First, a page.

The International Academy for Business Coaching and Training
International member of the Association for Coaching
A balancing-act that’s not easy to maintain
All human behaviour is driven by emotion - and that emotion is stimulated by the way a person interprets a situation in relation to their expectations.
If an appropriate expectation is established with regard to a persons job responsibilities, the way in which they will be measured and the manner in which they will be managed, then the chances of success are increased
That which a person accepts as being their reason for employment; the individual specific issues that must be attended to for this person to have successfully carried out their role within the organisation.
NOTE: This is not a job description. A Job description is a description of a function, however it many situations a person may find themselves responsible for activities outside of their immediate function, or may have taken over additional functions as part of their role on a temporary or permanent basis.
Responsibility MUST be agreed and specified.
The way in which each area of responsibility is measured. This must be specific and clear both in terms of the units of measurement, time and frequency of measurement.
The level of support a person needs in order to successfully fulfil their responsibilities. This may be direct support, budgetary guidelines or access to tools necessary to undertake the tasks required.
‘It’s not my job anyway’ indicates that the responsibility ball has been dropped. Hold someone to account for something they don’t believe they should be doing and they will respond badly.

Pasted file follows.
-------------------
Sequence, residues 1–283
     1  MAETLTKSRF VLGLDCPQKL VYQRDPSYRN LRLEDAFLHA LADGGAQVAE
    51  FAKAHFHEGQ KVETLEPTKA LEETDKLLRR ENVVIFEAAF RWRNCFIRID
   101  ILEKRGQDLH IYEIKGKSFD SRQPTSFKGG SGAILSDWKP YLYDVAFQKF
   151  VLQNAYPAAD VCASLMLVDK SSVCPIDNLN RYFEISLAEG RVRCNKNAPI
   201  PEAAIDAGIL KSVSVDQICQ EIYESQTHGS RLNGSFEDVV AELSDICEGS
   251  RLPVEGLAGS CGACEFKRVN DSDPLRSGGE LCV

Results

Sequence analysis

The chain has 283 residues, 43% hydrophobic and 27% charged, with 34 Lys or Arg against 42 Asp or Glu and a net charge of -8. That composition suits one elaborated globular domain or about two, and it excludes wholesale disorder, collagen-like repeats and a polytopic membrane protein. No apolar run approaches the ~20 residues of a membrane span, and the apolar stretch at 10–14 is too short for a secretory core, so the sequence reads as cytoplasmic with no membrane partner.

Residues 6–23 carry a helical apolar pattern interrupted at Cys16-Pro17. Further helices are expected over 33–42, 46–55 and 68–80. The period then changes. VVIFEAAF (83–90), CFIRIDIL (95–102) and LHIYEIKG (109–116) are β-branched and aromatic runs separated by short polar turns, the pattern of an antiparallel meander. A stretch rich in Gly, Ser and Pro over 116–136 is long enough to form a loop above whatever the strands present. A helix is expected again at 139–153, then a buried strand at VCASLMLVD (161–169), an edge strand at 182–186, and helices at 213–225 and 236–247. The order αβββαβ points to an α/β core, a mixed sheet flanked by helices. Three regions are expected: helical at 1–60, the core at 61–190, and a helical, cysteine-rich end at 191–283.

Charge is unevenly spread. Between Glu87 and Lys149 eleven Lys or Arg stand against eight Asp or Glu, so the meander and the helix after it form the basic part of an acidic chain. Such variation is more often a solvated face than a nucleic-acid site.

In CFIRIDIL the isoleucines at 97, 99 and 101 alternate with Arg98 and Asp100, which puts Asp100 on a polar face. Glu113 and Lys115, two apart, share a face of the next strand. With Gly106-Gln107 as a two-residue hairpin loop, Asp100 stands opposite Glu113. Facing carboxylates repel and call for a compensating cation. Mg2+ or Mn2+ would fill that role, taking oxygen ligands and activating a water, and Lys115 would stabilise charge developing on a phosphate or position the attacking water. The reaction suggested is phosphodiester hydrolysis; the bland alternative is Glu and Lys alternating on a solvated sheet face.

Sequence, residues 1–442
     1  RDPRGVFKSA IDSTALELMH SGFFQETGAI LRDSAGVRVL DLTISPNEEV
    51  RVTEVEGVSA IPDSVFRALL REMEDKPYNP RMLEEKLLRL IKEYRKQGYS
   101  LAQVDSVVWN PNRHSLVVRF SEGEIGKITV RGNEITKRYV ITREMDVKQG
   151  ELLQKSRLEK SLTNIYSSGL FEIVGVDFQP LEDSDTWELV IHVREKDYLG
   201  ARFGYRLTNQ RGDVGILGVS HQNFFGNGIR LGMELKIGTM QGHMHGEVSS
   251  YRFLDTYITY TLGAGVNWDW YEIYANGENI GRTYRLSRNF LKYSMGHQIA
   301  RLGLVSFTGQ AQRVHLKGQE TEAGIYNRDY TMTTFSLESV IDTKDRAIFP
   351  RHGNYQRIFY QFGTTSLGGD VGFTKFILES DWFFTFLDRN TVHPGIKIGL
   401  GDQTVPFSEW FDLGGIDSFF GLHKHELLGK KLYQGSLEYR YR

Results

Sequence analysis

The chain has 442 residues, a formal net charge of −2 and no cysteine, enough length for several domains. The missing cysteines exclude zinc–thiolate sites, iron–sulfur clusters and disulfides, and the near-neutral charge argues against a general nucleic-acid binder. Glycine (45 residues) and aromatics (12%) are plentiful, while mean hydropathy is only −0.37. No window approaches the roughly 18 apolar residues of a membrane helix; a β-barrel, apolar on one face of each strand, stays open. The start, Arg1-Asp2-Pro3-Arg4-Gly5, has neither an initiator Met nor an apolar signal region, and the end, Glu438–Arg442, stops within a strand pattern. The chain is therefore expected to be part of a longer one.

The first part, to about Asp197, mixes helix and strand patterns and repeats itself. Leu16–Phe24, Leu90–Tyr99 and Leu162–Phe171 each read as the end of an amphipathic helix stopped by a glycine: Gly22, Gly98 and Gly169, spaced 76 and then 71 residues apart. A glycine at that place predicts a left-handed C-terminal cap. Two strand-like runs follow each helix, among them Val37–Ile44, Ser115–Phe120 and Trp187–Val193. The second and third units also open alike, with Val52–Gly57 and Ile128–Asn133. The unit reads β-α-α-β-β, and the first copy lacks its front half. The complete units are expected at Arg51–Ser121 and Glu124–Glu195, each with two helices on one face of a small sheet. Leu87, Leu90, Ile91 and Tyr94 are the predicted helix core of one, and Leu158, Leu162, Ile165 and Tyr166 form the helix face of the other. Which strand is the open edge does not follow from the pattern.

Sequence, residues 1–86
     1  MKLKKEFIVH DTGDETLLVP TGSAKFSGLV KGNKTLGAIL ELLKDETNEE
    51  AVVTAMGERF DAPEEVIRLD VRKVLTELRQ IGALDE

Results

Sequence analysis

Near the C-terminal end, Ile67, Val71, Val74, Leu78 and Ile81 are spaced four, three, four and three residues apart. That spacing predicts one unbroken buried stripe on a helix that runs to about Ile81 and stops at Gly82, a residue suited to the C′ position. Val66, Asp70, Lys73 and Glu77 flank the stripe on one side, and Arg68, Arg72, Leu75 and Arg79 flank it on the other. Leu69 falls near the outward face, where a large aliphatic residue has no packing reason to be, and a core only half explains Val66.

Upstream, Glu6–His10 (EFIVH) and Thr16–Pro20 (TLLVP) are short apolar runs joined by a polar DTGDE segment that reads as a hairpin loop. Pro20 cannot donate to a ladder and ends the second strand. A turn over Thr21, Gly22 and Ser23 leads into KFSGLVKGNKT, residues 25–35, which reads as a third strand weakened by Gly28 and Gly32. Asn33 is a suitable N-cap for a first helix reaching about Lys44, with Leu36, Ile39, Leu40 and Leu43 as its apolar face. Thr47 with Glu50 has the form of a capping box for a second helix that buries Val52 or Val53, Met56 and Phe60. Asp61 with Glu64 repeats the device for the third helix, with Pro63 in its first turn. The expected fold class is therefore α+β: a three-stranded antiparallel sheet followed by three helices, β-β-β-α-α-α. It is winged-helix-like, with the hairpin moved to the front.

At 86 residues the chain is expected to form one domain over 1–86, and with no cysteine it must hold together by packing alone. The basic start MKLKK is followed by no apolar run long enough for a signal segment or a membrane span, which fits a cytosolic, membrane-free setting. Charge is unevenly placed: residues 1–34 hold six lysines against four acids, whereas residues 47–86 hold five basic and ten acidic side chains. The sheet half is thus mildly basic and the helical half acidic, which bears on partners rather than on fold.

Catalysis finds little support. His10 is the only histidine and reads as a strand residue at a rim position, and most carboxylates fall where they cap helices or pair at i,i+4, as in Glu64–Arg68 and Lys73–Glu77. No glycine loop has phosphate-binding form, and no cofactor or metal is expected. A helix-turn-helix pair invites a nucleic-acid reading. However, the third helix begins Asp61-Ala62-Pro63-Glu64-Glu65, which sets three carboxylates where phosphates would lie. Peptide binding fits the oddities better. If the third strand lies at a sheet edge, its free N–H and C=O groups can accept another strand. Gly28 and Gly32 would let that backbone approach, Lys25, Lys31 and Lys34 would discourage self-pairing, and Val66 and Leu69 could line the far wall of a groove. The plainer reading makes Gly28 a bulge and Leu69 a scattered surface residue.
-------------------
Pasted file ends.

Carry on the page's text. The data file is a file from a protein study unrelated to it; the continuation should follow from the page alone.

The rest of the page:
‘No one’s really interested’ suggests the accountability ball has been dropped. Even when a person knows their responsibility and is supported in achieving it, it if’s not measured it’s unlikely to get done.
‘I would do it but I can’t because…’ is a clear sign that the authority ball has been dropped. There are few things more frustrating for someone than to agree something as their responsibility, be held to account for it’s achievement but then be denied the tools to get the job done.
Coaching clients almost always have some form of leadership role and as such will need to work with people who report to them. It is therefore highly likely that the issue of empowering those people to perform well will be an issue raised at some point in a coaching session.
This iABCt model demonstrates just how fragile and dynamic the achievement of empowerment is, and provides the foundation on which to build better questions with the client:
There is no escaping the need to ensure that each individual has complete clarity over their personal responsibilities, accountability and authority. This is particularly true when establishing a new team. The more robust the empowerment preparation, the more likely the team is to be successful.